-Sam Sifton, The New York Times
So much effort, yet so worth it.
While I was flipping through the April issue of Bon Appétit, N saw this recipe and asked me to make these “camouflage brownies.” And so I did. They required approximately seventeen different bowls, forty-two utensils, nine measuring devices and three separate batter components. (When a professional chef tells you a recipe is complicated and elaborate, believe her.) But the end result? Amazing. We don’t eat a lot of sweets, so we devoured this pan a little quicker than good sense would indicate, and it was entirely worth it. And I had to buy the cream cheese in a two-pack, so we’ll probably see these again in our kitchen very soon.
We’re working hard at creating space for a diverse array of organisms at Quiet Farm. We want plants blooming and flowering and setting seed, plants in every stage of life, throughout the season. We want our plants and trees to provide food and pollen and a home for all manner of things. We want to be a welcoming haven for songbirds and bees and insects and hummingbirds and toads and raptors and every other winged and crawling creature. We want not monoculture but polyculture, a place that mimics a natural ecosystem as closely as possible. We want life, and lots of it, everywhere we look and listen.
If we spent all our time spraying poisons and pulling “weeds,” or removing plants that didn’t fit a perfect garden aesthetic, we’d have none of this. No birdsong, no beneficial insects, no pollinators. Instead, we have a farm that bursts with color and vibrancy and life.
The world is furious and raging right now. In response: plant something colorful. Grow something delicious. Create something beautiful. Cook something nourishing. Wishing you and yours a calm, peaceful and healthy week.
There has long existed a tired stereotype of a farmer as some sort of rural idiot, a barely-literate country bumpkin who can only just string two sentences together. If there is anything we’ve learned during our nearly two-year (!) farming adventure, it’s that a successful small farmer is anything but stupid. You have to be a veterinarian and a seedsman and an ATV mechanic and a soil scientist and an entomologist. You have to dig holes, repair fences, build structures, patch hoses and outwit pests. You have to be strong, creative, resourceful, thrifty and tireless. And you have to know how to manage the water on your property, no matter how it gets there.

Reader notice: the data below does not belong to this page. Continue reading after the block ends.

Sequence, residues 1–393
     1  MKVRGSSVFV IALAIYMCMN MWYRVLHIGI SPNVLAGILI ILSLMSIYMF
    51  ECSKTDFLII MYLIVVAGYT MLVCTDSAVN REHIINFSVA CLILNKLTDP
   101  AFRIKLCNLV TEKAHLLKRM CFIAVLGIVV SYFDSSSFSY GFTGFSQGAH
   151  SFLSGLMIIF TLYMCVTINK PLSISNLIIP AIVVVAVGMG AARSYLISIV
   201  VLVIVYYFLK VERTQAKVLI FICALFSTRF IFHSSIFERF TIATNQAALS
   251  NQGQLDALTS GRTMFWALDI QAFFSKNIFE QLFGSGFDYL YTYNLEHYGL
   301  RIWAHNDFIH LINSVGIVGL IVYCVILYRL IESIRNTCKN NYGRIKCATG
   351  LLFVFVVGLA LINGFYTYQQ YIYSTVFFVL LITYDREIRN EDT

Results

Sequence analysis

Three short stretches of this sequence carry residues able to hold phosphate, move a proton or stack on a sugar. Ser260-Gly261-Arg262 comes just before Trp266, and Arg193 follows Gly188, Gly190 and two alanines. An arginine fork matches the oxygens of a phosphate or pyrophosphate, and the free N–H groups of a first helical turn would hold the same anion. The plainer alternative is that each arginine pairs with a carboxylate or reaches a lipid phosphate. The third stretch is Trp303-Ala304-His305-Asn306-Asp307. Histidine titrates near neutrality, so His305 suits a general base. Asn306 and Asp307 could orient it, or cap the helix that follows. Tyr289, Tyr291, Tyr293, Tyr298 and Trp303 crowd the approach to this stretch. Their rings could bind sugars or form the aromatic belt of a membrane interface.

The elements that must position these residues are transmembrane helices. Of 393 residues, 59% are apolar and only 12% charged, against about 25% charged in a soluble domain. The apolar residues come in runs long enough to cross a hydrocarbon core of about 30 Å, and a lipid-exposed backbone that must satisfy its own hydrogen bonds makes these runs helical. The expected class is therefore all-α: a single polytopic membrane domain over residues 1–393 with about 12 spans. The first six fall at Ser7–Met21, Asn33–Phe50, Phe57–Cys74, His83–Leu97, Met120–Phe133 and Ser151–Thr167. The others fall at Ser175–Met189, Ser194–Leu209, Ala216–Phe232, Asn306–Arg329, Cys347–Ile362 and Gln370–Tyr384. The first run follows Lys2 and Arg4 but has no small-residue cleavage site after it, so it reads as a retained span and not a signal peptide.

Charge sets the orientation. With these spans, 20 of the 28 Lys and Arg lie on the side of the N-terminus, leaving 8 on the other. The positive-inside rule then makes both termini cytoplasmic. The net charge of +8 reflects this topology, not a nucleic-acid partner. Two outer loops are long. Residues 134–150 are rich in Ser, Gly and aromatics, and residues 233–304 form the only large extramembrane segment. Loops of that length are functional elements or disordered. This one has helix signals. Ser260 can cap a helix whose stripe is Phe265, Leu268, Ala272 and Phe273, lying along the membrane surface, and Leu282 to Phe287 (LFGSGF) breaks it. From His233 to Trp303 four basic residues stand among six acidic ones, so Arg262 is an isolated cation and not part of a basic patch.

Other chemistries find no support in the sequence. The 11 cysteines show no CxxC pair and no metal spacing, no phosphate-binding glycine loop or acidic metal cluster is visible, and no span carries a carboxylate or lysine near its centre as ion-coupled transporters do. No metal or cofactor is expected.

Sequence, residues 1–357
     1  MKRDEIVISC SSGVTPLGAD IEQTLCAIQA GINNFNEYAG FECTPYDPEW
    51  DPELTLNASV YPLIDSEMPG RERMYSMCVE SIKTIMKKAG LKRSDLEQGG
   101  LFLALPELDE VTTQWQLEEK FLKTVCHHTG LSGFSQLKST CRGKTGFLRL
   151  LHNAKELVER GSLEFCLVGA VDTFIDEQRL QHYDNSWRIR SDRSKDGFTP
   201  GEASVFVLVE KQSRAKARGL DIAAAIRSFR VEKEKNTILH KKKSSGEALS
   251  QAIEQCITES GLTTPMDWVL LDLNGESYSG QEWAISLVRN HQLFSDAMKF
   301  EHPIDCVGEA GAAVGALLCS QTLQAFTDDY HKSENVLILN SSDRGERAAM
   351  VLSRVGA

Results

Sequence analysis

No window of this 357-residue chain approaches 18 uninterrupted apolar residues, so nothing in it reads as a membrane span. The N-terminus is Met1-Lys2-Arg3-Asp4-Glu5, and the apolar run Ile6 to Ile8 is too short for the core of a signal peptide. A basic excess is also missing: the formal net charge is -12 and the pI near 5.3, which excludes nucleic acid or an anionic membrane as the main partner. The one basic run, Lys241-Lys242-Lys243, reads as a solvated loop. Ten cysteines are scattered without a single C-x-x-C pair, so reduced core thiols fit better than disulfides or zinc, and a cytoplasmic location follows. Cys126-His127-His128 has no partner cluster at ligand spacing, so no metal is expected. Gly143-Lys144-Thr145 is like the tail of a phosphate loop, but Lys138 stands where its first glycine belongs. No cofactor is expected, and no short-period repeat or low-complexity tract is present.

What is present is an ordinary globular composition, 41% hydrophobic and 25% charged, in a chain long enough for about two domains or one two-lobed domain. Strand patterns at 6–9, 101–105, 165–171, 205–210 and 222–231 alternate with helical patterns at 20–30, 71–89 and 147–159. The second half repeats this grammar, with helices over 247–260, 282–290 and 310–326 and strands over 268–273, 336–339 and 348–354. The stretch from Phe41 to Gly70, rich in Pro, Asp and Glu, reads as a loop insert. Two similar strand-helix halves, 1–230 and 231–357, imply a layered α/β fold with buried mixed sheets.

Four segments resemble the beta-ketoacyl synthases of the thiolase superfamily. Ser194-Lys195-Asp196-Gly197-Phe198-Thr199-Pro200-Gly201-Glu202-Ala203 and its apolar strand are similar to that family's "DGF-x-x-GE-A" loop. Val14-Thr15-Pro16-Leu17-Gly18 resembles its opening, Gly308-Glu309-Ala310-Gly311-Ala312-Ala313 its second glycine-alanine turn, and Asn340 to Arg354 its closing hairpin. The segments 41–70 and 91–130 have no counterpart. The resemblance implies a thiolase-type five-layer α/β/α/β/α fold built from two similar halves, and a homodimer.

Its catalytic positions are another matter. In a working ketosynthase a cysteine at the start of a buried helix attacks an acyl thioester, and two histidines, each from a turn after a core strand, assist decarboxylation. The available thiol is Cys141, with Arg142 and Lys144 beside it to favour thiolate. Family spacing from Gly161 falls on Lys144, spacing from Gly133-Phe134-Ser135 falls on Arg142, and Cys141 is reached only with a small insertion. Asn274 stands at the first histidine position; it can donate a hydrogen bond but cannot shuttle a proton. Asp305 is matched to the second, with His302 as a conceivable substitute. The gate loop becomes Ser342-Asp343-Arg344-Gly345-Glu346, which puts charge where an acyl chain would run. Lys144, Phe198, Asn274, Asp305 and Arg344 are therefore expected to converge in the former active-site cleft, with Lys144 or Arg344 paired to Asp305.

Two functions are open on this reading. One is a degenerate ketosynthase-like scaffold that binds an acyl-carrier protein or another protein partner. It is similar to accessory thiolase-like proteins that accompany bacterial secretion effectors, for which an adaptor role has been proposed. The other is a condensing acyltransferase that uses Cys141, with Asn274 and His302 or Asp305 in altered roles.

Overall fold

The components of one of our drip irrigation kits.
One of our goals for this, our second full season of farming, is to get our irrigation dialed in. We don’t farm in a traditional American sense, i.e. hundreds of acres of the same crop (usually corn or soybeans) laid out in precise rows and neat blocks. Irrigating that sort of monocrop is relatively easy, because every plant is identical and therefore its water needs are identical, too. Once that irrigation system is established, it’s basically set-it-and-forget-it. Instead, we farm in a sort-of patchwork style all across our property: perennial herbs in this corner, a bed or two or nine here, trees over there. As a result, our irrigation is similarly patchwork, because there is no one-size-fits-all solution.
The past two months have exposed a great number of frailties in systems we’ve long taken for granted. From child care to health care, we’ve learned firsthand that most – if not all – of our societal structures are built on debt-ridden quicksand. Nowhere has this fragility been more apparent than in our food supply, long the envy of less-developed nations.
Mmmm…meat in tubes. Delicious.
If you’ve ever traveled in the Caribbean or Africa or Asia – really, anywhere outside of the U.S. and Europe – you know that a standard Western grocery store is a thing of miracles. The glossy, perfect produce, appealingly stacked in lush displays. With artificial thunderstorms! Acres of cold-storage, displaying hygienically shrink-wrapped packages of beef, pork, chicken and fish, none of which resemble the animal they once were. The deli abounds with cheeses and olives and overflowing dishes of prepared foods, enticingly displayed on beds of ornamental kale. Aisle upon aisle of boxed mixes and snack foods and sodas and candy and cookies and chips, plus thousands of cleaning products and toiletries and other various and sundry items, all brightly-colored and stocked in abundance. A standard Western grocery store never has bare shelves, because that violates its very reason for existing – that we have so much, we can replenish each item before it’s even made its way to the check-out.
It’s hot, dry and windy out here, and feels more like late July than early May. We seem to have skipped straight from a parched winter into an equally arid summer, missing the soft green lushness of spring entirely; the peas and radishes survived frost damage only to turn bitter and pithy from sun scald. Last year we had rain almost every single day in May, and this year it’s unlikely we’ll see any. Early reports indicate that the mountain snowpack is melting far too quickly, thanks to this premature summer, and our primary focus these days is on keeping all of our plants irrigated. Here are a few more things we’ve been up to recently.
Our gated irrigation pipe at work.
All of our irrigation water comes from snow on the Grand Mesa. When the snow thaws each spring, the snowmelt makes its way down the mountain through an intricate series of ditches, headgates, creeks and pipes. We’re focused this year on regenerating our pasture, so have started flood-irrigating our land to see what grows. Later this season we’ll remark our pasture (cut channels that direct the water) and hopefully seed it with perennial grasses, too. Eventually we’ll use the land for rotational grazing, likely a grass-fed steer or two. Flood irrigation requires a lot of work – the water has to be “moved” by opening and closing valves and gates along the pipes – but it’s the system we have, so we’re learning how to use it to the land’s advantage.